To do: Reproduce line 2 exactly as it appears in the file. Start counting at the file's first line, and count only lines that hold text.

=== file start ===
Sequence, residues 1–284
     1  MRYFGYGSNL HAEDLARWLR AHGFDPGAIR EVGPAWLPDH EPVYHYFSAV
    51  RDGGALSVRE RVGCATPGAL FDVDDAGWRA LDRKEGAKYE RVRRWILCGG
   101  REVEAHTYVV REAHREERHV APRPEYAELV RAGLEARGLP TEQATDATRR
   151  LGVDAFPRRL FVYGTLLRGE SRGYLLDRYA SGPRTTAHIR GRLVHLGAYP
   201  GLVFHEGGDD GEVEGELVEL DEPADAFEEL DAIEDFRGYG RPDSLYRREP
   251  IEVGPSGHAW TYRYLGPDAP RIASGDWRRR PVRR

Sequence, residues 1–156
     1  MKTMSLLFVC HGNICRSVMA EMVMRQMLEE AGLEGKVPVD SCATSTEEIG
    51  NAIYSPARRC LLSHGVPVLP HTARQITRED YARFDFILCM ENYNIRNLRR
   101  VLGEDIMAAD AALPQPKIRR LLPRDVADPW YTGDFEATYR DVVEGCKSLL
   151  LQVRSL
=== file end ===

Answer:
     1  MRYFGYGSNL HAEDLARWLR AHGFDPGAIR EVGPAWLPDH EPVYHYFSAV